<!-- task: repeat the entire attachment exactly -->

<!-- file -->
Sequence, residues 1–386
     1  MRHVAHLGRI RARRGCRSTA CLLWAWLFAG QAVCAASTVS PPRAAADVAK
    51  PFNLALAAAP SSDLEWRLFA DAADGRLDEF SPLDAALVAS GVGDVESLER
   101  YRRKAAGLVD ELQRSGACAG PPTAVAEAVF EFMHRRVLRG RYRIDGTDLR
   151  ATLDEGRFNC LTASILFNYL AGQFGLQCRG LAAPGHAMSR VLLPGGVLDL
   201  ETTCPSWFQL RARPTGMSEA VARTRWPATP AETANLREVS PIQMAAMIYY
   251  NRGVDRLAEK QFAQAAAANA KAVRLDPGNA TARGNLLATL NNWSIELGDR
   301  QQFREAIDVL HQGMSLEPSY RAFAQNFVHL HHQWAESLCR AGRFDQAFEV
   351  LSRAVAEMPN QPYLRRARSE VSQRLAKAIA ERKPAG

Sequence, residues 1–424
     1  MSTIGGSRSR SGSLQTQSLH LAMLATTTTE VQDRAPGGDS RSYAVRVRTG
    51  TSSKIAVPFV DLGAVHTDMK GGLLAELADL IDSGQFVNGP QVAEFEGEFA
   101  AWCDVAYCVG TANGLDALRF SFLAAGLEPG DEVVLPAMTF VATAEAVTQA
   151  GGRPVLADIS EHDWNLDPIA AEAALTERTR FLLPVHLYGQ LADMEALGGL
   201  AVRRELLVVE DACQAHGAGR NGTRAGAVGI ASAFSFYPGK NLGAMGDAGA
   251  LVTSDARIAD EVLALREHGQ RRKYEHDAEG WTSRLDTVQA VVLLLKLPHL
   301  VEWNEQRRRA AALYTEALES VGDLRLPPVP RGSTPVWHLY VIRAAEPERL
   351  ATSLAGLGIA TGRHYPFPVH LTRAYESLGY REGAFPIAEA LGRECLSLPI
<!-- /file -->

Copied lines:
Sequence, residues 1–386
     1  MRHVAHLGRI RARRGCRSTA CLLWAWLFAG QAVCAASTVS PPRAAADVAK
    51  PFNLALAAAP SSDLEWRLFA DAADGRLDEF SPLDAALVAS GVGDVESLER
   101  YRRKAAGLVD ELQRSGACAG PPTAVAEAVF EFMHRRVLRG RYRIDGTDLR
   151  ATLDEGRFNC LTASILFNYL AGQFGLQCRG LAAPGHAMSR VLLPGGVLDL
   201  ETTCPSWFQL RARPTGMSEA VARTRWPATP AETANLREVS PIQMAAMIYY
   251  NRGVDRLAEK QFAQAAAANA KAVRLDPGNA TARGNLLATL NNWSIELGDR
   301  QQFREAIDVL HQGMSLEPSY RAFAQNFVHL HHQWAESLCR AGRFDQAFEV
   351  LSRAVAEMPN QPYLRRARSE VSQRLAKAIA ERKPAG

Sequence, residues 1–424
     1  MSTIGGSRSR SGSLQTQSLH LAMLATTTTE VQDRAPGGDS RSYAVRVRTG
    51  TSSKIAVPFV DLGAVHTDMK GGLLAELADL IDSGQFVNGP QVAEFEGEFA
   101  AWCDVAYCVG TANGLDALRF SFLAAGLEPG DEVVLPAMTF VATAEAVTQA
   151  GGRPVLADIS EHDWNLDPIA AEAALTERTR FLLPVHLYGQ LADMEALGGL
   201  AVRRELLVVE DACQAHGAGR NGTRAGAVGI ASAFSFYPGK NLGAMGDAGA
   251  LVTSDARIAD EVLALREHGQ RRKYEHDAEG WTSRLDTVQA VVLLLKLPHL
   301  VEWNEQRRRA AALYTEALES VGDLRLPPVP RGSTPVWHLY VIRAAEPERL
   351  ATSLAGLGIA TGRHYPFPVH LTRAYESLGY REGAFPIAEA LGRECLSLPI